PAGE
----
Play / pause Debris Causing Events

Debris Causing Events

  • Charlotte Newton
  • Interview by: Jess Boydon


Space often gets compared to the sea,

and, in maritime operations,

there's like a strict set of rules and laws

and governance and wherever else that say,

"This is how you behave.

This is who does what.

This is how you act."

And that's not yet established in space.

There are certain rules that say

"You're not allowed weapons of mass destruction in space."

But other than that,

it's a bit of a free-for-all.

And everyone is sort of relying on the fact that

if you make a big mess in space,

it also impacts you as well.

But there are times when foreign actors,

and to be fair, allied actors,

have behaved in a way that has caused space to be a

less pleasant place to operate.

So for example,

direct-ascent anti-satellite,

where you fire a missile at one of your satellites

as a test.

Always as a test.

It's never been done

in a defensive way, I guess,

or offensive way.

And that causes a huge debris cloud of pieces

that then exist in space for

as long as it takes them to come back down again,

which can be tens of years if not more.

And then that means that

there's now huge orbit full of

dust and bits of old rocket body and whatever else.

And you, if you were operating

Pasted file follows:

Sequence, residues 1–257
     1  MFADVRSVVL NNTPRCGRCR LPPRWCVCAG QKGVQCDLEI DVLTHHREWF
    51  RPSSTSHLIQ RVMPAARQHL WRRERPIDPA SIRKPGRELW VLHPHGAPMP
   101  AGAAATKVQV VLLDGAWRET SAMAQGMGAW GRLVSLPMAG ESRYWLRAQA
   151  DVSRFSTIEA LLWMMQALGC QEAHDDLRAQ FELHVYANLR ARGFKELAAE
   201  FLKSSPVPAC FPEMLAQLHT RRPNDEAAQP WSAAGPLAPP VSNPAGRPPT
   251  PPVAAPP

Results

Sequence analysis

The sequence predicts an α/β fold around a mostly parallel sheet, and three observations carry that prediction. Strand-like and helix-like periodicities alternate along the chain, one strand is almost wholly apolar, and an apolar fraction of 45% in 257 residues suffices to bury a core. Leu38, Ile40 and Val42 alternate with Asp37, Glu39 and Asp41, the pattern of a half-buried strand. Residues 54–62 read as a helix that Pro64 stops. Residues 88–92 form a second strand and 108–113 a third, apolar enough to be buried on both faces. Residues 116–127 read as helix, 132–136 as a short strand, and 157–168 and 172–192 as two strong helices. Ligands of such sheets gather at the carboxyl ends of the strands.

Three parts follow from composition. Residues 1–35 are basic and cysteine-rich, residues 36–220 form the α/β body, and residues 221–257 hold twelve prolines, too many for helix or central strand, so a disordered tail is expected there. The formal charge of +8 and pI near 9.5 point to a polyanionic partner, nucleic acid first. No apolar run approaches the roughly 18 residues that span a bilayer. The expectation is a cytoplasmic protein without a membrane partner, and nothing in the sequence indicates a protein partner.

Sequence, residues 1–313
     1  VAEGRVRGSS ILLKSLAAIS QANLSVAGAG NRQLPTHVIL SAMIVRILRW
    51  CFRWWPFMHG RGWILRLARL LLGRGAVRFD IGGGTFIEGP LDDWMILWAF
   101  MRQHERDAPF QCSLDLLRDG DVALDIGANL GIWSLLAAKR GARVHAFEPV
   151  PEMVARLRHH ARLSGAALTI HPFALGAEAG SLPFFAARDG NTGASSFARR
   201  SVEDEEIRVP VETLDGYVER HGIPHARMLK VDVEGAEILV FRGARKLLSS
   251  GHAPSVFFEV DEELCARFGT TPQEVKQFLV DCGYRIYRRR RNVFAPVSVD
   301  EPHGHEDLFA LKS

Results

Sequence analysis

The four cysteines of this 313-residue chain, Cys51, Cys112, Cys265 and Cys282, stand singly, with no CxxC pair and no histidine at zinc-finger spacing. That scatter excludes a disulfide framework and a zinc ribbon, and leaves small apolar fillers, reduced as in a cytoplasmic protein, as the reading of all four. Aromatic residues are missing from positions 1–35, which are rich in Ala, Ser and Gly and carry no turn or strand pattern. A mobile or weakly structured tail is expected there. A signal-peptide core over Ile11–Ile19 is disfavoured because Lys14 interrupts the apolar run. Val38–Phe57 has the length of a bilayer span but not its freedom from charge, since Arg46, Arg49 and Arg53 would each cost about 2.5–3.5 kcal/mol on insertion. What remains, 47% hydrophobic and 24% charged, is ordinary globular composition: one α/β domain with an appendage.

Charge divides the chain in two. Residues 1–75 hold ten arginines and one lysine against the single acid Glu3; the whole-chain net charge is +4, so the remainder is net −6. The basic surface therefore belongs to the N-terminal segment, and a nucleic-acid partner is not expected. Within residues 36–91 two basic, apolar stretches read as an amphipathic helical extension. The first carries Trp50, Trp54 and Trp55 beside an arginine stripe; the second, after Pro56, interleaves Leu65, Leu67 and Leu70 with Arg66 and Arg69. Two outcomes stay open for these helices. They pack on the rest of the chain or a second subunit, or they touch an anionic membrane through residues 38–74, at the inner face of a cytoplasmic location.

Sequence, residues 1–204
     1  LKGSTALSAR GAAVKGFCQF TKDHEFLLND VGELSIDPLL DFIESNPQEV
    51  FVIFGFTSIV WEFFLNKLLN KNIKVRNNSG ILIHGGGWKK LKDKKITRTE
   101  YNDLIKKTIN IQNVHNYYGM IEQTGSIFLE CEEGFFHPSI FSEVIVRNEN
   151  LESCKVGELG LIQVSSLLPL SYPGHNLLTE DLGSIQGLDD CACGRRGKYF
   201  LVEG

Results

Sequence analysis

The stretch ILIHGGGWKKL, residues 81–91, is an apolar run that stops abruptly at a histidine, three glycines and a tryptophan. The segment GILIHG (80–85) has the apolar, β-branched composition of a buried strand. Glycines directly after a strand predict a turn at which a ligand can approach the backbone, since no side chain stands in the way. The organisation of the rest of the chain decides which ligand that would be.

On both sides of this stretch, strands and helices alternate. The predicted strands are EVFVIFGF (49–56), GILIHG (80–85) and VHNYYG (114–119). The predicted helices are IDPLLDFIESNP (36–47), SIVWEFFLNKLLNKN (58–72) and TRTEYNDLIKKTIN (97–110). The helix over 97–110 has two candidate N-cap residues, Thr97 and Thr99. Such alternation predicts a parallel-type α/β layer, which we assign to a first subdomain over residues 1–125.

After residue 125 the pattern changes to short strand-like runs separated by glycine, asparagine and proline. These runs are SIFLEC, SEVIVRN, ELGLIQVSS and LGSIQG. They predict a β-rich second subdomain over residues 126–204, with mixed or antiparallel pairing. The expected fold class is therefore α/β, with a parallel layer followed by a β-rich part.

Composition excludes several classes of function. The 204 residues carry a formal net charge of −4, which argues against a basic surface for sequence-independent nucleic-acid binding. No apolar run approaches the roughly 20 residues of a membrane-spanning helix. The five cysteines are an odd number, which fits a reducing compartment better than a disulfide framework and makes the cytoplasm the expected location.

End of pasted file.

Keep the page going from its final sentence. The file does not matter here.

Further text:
a very highly sensitive piece of kit in space,

potentially wouldn't want to

put your satellite in that orbit

or in an orbit that's going to be near that,

or whatever.

So that would be an instance where

although that is allowed,

there's no rule anywhere that says

you can't shoot on your own satellite,

it's an unpleasant thing to do.

And allied forces might want to put out a message that says,

you know,

"This person's acted in a way that leaves space

a less habitable place for the rest of us,

that's potentially endangered people on the ISS,

that has caused problems for other people's

operations and satellites.

A piece of debris that's flying around the earth in orbit

can do significant damage to someone else's craft.

And it takes a lot of capital and investment

and time, money and man-power, person power

to launch something into space,

and when you've got it up there,

you expect it to have a mission life of however long,

and if someone inhibits that mission life

and causes you to have to constantly maneuver

out of the way and

have denial of service

or causes problems to your solar power panels,

that mean you lose power a lot.


And I think you'd be quite upset and annoyed by that.

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